I know someone who bought the dairy of the late artist, Kurt Cobain, who is believed to have taken his own life. She told me that in the beginning of the diary, Cobain warns people against reading his diary, but later, he seemed to hope that people would read it. She, a fan, justified her reading it by hanging on to his second wish. But to get to the second wish, she had to ignore the first. Some fans have opted not to buy the diary, claiming that it was an invasion of his privacy. Is such publication justified?

This case makes me wonder whether the very act of keeping a diary can indicate a subconscious or conscious desire to have someone else read the work, but long after s/he is gone, so s/he is not there to respond to people’s reaction. This reminds me of D.W. Winnicott’s words that “It is a joy to be hidden and a disaster not to be found.” Maybe for some people, a diary is a means of being found or known while being hidden or alone to one's self/thoughts.

I believe for many, a diary is a chance to live in a world filled with only one’s eyes, whether real or imagined. It can be a person’s Atlantis—existing but not existing. Its boundaries, I believe, are to be respected, regardless of whether the author is alive or not.





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5 Comments:

At 12/6/06 9:03 PM, Blogger Susan Abraham said...

Oh Rosie, I'm reading your blog and I'm not soaking anything.
Though I know you're saying wonderful things. I have to come back and read it all up when I feel sensible again.
All I can think at the moment, is that you're going to have a fully-fledged storybook out for the whole world to read in about 3 days. And you're going to be a fully-fledged literary novelist. I'm so proud of you, it makes me want to cry.
love

 
At 14/6/06 2:25 PM, Blogger Rosemary Esehagu said...

Thank you, Susan.

It's here. Tomorrow is it.

 
At 15/6/06 7:20 PM, Blogger Lotus Reads said...

Today's the day, it's here! Congratulations, Rosemary!!! I'm sure you are the epitome of happiness today and I rejoice in your joy!

What an interesting post this is, Rosemary. I have occasionally pondered the very same thing - why do people keep diaries anyway? Do diarists write only for themselves or is there some part of them that wishes that one day another reader will also have access to their diary, and if that is the intent, and this is important, does it change the way they write? Are they able to be totally honest about their opinions and feelings knowing that one day another pair of eyes might be reading their innermost thoughts?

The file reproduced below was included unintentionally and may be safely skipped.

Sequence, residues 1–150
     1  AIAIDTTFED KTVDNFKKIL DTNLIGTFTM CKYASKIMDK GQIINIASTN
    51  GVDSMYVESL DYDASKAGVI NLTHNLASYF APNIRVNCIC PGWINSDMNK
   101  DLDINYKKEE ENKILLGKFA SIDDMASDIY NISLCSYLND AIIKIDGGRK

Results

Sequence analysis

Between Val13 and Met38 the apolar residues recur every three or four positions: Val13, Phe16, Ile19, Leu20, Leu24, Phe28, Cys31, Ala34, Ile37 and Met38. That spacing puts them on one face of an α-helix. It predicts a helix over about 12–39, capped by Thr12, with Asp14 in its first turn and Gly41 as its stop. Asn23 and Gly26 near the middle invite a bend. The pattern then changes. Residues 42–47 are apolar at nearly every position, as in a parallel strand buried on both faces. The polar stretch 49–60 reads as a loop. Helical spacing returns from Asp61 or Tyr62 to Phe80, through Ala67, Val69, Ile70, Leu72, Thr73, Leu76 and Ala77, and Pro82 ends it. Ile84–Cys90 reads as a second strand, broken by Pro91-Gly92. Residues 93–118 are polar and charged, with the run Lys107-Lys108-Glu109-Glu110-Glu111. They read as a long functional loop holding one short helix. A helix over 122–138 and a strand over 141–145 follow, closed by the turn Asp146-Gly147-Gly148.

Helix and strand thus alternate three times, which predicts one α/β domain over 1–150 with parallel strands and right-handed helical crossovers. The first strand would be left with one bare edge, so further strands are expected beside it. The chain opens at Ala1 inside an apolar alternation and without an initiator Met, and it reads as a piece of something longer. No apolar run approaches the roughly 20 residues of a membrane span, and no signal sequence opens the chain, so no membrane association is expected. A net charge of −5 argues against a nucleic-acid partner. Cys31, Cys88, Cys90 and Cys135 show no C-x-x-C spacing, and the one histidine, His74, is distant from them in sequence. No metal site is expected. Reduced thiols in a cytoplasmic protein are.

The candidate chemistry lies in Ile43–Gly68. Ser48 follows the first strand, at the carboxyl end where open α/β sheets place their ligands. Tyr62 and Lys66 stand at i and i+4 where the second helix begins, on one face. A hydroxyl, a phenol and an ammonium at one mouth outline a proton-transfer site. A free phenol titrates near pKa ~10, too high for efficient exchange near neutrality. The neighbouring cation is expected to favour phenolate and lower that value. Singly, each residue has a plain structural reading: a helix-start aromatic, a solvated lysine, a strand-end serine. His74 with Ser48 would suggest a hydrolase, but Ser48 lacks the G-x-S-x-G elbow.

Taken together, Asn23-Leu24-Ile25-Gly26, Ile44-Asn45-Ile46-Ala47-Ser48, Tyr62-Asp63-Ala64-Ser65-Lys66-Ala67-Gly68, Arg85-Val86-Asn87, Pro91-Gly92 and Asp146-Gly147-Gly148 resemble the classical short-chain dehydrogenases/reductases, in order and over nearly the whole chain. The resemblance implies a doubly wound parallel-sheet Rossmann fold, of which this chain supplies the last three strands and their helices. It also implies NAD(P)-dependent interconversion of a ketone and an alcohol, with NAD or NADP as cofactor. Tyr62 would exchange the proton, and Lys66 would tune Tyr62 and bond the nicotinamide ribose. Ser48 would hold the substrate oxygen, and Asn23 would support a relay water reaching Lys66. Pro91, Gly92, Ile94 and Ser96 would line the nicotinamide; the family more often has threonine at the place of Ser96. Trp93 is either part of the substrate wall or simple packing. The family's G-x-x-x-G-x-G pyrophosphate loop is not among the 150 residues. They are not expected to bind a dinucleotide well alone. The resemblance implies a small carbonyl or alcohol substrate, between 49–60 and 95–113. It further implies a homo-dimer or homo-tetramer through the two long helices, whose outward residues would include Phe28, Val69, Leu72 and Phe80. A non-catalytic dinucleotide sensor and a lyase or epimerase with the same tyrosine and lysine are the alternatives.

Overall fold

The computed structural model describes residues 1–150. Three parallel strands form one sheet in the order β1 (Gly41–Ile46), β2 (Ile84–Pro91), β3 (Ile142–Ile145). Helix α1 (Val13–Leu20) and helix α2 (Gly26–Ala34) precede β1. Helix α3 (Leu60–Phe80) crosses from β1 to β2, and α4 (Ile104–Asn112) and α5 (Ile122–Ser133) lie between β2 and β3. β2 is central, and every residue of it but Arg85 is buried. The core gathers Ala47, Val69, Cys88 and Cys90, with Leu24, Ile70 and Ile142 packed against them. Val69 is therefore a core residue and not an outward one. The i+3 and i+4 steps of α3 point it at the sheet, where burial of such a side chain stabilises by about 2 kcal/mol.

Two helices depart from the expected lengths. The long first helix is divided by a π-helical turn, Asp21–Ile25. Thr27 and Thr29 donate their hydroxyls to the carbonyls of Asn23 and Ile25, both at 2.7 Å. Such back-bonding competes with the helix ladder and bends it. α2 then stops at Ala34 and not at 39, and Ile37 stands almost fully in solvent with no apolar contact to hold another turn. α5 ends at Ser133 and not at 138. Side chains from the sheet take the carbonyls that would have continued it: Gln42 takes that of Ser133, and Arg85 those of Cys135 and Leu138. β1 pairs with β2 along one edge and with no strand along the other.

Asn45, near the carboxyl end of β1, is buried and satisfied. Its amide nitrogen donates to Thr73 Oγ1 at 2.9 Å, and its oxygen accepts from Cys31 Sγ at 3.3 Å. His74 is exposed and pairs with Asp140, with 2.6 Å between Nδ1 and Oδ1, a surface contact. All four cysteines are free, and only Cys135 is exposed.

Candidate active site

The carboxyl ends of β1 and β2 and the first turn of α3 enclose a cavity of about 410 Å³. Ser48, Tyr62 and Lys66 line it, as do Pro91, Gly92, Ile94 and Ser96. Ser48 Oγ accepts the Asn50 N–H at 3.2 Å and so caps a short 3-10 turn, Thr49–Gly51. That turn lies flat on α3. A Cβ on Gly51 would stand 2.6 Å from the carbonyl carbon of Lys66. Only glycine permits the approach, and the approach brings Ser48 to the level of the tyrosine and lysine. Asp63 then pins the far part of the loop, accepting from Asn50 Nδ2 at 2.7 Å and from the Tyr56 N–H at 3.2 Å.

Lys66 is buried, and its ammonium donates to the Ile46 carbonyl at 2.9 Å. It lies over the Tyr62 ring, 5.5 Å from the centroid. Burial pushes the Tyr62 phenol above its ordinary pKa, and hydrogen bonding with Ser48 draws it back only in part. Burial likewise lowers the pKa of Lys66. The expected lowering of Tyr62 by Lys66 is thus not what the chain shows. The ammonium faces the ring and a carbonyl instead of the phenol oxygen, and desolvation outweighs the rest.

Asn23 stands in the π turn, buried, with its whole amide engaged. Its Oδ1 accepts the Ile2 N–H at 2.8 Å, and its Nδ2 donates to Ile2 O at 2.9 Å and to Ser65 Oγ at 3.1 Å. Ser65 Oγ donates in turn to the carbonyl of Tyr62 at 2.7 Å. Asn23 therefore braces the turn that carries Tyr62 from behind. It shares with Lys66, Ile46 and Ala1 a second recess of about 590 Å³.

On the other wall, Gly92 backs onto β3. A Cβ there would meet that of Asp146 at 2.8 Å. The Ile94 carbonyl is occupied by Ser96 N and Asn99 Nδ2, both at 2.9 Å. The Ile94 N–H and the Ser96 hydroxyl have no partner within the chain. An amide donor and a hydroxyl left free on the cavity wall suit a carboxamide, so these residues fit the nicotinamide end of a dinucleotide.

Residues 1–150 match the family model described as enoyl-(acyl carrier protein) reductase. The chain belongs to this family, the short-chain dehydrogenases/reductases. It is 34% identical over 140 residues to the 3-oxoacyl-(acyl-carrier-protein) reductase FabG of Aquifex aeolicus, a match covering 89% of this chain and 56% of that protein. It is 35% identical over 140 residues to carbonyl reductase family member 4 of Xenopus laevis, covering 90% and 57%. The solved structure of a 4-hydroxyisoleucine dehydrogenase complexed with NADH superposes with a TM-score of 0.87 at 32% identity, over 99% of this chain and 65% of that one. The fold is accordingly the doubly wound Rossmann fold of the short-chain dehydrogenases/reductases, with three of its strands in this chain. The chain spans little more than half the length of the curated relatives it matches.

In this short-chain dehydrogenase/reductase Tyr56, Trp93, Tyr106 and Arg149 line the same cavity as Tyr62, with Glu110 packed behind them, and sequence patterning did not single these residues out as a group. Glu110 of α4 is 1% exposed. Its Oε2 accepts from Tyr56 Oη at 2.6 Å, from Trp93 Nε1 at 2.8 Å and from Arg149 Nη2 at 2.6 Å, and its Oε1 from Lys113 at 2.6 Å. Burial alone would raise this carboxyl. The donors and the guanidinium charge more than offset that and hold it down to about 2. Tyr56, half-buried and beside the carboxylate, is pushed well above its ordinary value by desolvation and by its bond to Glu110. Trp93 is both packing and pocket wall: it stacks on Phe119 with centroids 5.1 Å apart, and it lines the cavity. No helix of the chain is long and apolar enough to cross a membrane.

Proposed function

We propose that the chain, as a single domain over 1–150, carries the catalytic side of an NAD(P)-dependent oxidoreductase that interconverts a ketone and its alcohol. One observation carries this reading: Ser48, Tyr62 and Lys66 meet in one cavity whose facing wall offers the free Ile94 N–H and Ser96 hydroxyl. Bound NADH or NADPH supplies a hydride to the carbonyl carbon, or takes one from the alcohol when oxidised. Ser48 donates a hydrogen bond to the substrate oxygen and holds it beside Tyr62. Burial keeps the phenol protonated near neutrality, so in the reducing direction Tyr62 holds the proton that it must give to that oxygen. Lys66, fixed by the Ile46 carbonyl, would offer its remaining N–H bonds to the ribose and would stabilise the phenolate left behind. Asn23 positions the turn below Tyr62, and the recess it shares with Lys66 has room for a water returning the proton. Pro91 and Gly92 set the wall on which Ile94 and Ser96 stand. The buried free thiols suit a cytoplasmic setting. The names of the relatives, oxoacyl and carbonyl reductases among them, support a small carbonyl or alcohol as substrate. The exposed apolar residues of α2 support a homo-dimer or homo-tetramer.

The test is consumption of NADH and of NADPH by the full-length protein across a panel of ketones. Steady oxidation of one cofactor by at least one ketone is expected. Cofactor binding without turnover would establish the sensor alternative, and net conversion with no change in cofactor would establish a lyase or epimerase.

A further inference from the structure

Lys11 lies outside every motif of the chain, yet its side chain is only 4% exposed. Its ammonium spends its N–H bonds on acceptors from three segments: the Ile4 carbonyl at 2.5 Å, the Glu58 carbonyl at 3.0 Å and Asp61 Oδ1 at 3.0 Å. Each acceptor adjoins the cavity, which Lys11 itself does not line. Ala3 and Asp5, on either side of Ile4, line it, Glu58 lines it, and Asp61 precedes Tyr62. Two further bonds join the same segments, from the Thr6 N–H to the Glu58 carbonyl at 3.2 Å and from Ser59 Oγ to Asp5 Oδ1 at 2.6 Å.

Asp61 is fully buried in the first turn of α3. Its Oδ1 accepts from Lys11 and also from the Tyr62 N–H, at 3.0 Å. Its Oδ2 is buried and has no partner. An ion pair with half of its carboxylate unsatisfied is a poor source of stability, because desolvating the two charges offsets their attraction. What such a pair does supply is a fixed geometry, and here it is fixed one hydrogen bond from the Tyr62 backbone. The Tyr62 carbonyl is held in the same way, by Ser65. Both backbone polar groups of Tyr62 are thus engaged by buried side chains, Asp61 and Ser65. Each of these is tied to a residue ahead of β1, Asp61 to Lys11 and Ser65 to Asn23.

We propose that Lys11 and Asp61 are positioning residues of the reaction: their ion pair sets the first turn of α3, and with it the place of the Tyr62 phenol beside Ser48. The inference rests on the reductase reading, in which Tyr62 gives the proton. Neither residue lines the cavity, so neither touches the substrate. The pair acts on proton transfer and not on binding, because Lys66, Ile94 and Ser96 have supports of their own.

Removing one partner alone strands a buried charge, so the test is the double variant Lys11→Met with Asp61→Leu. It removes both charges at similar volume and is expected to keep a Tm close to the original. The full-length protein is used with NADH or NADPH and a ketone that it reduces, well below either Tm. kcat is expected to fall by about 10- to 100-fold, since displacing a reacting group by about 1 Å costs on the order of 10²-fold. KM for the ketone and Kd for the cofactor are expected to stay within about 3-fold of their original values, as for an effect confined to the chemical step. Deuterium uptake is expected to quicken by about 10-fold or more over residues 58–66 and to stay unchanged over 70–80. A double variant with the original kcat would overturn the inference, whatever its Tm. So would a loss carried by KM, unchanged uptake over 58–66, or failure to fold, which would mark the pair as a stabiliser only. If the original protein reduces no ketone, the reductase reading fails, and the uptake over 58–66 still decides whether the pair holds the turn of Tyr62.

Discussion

Hmmm, and you do bring up an important issue - is it ethical to read someone's private diary published without their permission? I'm with you on that one, I don't think we have the right. Even personal letters (and now e-mail) should be given the same courtesy. Ofcourse, with letters, one could argue that the receiver is the owner and can do what he/she wishes with the letter, but when both parties are deceased does anyone else have the right to publish them?

Thanks for such a thought-provoking post...

 
At 17/6/06 12:38 AM, Anonymous Rose said...

Thought provoking post. Congrats on the publication of your book.

 
At 20/6/06 12:17 AM, Blogger Rosemary Esehagu said...

Hello Lotus,

Thanks for your engaging comment.
I don't know why people choose to keep a diary, but I know the reasons you mentioned above are true for some people. I kept a diary because I wanted to have a way of looking back at myself. Since Z's intrusion, I do feel that my journal entries have been written with the consciousness that another foreign pair of eyes might look on. As such, I have pretty much given up on diaries. I only write about my wishes now, so in the future I can know how far I have come to achieving my dreams.

In place of a diary, I have decided to pursue, more vigorously, creative writing. I think my writing, the issues I explore and the way I explore them, will provide the reflection/self-analysis that my future self wants.

My current view on reading personal letters is that if the letter doesn't have my name on it, and I'm not a proxy or anyone authorized to read it, I won't. It just keeps my life simple and my conscience at peace.


Hello Rose,
Thank you for stopping by, and thanks for your comment.